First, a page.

Interview with Claire Ridgway – writer extraordinaire.
Thank you, Claire, for giving me this opportunity to interview you!
WJD: I know you are, like me, a huge devotee of Anne Boleyn. Well – I know why I am one of her devotees, but how about you? How did Anne Boleyn first hook your interest and commitment?
CR: Henry VIII and his six wives hooked me at the age of 11 when I had to do a project on them for school, but Anne Boleyn was a slow grow on me until January 2009 when I had a dream about her. I have the most vivid dreams. Most mornings I’m entertaining Tim with my latest weird dream! This one was horrible. I was a member of the crowd watching the execution of Anne Boleyn at the Tower of London. I can’t remember the details of what anyone or anything looked like, but still today I can remember the feeling of helplessness and the panic that engulfed me when I realised she was going to die an innocent woman. I tried to cry out in my dream, but no sound came out of my mouth. It was horrible, and I was a wreck when I woke up. But what was odd is that I woke up knowing that I had to research her life and start a blog called The Anne Boleyn Files to record my research!
WJD: Why do you think Henry VIII somersaulted from a man who loved a woman so much he would do anything to marry her to a man who would do anything to get rid of her?
CR: Henry VIII seemed to have been able just to switch love off if he felt let down or betrayed in any way. For example, Sir Thomas More was more than just Henry VIII’s Lord Chancellor, he was his good friend and a father figure to him, yet when he didn’t support the supremacy and the annulment he ended up on the scaffold. Mary, Henry’s daughter, is another example. She was his “pearl” when she was obedient and submissive, but when she wouldn’t accept her parents’ annulment or sign the oath, then she was not welcome at court, and Henry’s council threatened her horribly. Anne Boleyn was just another that Henry felt let down by. He had pursued her for so long, broken with the church, executed friends and advisers, suffered unpopularity, all for a daughter and a woman who didn’t always agree with him.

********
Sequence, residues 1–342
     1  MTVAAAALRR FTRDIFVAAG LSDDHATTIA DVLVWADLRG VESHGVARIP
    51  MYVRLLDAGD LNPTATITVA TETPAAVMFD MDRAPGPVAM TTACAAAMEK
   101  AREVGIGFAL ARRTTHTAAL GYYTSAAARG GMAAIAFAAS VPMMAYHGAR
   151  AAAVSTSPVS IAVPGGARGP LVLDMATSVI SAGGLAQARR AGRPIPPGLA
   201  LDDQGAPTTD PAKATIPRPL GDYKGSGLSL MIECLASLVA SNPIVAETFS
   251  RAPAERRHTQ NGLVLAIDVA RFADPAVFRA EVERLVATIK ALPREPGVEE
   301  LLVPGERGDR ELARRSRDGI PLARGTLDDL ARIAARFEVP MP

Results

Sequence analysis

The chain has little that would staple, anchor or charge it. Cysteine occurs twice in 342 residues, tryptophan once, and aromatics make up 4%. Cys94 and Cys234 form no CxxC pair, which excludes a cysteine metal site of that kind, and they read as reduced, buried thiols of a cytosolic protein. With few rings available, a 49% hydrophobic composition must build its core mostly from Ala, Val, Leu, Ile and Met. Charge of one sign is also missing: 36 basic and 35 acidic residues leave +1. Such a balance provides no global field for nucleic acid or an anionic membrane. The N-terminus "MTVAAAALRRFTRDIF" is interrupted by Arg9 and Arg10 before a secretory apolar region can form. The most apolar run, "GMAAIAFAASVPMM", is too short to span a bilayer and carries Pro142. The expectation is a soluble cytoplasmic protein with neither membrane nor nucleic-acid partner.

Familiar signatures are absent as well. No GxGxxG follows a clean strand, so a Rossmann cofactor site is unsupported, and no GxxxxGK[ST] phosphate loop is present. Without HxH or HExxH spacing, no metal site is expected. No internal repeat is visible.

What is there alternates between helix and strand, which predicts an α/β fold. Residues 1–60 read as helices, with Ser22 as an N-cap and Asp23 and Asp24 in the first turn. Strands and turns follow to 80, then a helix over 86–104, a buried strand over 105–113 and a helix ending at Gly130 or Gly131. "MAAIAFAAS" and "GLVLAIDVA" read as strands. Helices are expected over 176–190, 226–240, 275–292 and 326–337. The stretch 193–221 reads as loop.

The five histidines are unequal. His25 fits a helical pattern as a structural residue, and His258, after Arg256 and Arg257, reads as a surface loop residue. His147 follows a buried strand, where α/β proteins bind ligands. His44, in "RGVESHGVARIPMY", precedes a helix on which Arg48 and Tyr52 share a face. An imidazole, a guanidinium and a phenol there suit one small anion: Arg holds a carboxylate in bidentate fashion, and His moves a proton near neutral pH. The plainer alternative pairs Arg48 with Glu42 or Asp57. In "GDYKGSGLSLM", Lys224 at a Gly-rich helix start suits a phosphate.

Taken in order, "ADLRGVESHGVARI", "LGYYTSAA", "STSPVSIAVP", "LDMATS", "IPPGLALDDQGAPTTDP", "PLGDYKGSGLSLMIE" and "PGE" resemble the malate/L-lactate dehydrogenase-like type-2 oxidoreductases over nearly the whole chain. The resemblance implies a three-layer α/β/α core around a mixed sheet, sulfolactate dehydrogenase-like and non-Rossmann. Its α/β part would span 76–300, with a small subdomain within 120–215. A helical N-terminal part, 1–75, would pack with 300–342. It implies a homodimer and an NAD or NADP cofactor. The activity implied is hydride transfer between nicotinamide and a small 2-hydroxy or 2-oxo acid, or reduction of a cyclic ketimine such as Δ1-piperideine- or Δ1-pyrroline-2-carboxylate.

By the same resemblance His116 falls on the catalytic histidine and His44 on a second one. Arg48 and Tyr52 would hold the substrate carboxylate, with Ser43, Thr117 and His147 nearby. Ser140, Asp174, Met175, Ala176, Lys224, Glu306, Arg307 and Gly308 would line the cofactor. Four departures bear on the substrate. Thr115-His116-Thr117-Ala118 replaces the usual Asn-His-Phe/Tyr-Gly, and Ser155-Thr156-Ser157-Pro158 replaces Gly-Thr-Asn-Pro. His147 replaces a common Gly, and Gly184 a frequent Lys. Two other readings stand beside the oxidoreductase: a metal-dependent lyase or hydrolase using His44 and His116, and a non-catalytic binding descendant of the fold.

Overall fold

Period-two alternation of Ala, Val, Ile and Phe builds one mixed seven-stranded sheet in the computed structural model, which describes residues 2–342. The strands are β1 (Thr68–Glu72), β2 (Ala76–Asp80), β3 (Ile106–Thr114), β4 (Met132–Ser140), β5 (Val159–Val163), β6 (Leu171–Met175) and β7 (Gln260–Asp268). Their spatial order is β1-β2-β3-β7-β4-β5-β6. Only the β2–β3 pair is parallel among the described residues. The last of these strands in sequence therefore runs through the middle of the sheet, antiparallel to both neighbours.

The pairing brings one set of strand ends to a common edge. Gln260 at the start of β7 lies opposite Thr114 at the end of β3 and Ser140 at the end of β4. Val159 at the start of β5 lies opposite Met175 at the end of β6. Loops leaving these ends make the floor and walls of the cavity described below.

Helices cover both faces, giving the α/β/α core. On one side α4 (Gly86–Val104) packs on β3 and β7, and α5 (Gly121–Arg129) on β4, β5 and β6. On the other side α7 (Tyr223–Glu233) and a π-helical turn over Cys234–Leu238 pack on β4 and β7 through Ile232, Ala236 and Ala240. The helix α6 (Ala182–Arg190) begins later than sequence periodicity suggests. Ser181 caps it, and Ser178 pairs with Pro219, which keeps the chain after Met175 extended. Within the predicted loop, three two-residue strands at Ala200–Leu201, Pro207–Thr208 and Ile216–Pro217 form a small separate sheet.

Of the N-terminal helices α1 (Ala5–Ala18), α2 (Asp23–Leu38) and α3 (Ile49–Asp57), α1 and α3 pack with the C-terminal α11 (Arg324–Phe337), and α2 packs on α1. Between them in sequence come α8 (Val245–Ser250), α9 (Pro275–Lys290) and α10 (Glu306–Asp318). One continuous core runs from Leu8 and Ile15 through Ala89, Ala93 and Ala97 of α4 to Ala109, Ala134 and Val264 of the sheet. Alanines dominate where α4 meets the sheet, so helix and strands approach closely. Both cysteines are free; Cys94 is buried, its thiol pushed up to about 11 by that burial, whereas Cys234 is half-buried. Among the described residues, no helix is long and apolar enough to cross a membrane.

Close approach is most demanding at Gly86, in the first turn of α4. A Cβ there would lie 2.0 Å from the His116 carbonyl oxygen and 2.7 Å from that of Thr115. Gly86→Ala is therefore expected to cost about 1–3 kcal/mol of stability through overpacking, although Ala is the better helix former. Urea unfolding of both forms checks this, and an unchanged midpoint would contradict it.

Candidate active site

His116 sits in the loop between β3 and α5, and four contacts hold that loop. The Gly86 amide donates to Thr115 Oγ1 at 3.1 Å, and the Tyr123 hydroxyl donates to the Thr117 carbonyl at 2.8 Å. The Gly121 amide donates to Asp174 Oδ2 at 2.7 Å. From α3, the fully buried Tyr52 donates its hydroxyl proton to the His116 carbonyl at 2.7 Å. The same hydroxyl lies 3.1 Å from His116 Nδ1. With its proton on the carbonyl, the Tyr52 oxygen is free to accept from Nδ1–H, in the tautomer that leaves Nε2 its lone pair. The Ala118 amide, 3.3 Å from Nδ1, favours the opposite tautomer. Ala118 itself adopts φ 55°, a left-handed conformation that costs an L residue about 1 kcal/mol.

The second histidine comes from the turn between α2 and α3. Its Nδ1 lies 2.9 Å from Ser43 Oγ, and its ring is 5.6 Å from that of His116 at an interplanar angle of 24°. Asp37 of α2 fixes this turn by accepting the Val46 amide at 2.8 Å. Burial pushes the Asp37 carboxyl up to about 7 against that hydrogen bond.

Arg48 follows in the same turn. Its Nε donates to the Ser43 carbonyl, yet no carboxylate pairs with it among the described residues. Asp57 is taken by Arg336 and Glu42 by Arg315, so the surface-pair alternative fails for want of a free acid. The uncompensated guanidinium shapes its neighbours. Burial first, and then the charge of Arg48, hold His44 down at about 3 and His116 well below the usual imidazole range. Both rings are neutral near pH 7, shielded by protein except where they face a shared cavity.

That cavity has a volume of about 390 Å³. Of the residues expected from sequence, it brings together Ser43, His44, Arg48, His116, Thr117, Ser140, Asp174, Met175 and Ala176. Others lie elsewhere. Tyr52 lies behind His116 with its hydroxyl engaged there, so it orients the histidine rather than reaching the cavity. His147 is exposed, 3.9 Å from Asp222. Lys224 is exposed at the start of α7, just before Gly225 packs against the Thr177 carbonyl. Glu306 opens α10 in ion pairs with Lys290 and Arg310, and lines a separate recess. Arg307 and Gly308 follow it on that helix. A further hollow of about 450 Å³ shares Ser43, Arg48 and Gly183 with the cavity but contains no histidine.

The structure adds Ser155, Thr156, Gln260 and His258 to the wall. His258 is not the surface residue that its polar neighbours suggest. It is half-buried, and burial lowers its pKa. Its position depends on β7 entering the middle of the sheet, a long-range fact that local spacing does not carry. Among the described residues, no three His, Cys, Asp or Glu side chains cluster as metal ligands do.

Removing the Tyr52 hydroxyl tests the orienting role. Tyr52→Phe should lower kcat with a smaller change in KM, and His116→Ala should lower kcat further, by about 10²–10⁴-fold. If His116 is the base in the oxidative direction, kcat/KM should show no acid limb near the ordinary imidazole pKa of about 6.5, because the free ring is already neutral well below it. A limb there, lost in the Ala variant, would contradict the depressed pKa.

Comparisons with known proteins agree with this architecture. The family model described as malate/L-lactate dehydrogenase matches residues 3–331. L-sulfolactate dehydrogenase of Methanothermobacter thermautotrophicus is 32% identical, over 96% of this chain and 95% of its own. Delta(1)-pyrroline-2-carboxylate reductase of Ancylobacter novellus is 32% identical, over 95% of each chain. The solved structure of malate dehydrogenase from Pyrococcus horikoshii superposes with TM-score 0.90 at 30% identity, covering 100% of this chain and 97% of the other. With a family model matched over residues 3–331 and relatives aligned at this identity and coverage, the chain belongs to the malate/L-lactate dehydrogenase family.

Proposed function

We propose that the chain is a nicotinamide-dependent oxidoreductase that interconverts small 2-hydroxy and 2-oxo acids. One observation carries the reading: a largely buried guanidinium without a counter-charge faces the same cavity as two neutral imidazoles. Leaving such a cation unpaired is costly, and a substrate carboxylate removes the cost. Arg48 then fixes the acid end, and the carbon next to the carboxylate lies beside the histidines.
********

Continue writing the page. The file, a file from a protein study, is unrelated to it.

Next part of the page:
WJD: Can you share with us your impressions of Henry VIII?
CR: I don’t think he can be described as just a monster or tyrant, that was just one part of him. He was obviously intelligent and charming, and when he loved you, then he loved you wholeheartedly. The “virtuous prince” of his youth was someone that you could fall head over heels in love with, but there was always an edge to it, always a streak of tyranny.
WJD: When you first started your fantastic Anne Boleyn Files website, did you ever imagine it would one day be where it is today?
CR: Ha! No, not at all. I thought it would just be a record of my research.
WJD: You have now written so many non-fiction books – is there is one that holds a special place in your heart? Why?
CR: They’re all special to me in their own way because of the journey of writing them, but I’d have to choose “George Boleyn: Tudor Poet, Courtier and Diplomat” because I thoroughly enjoyed working with my friend Clare on it. It was a really fun project, and we both learned from each other too.
WJD: Do you have any ambition to write a novel? If no, why not? If yes – any idea what you would like to write about?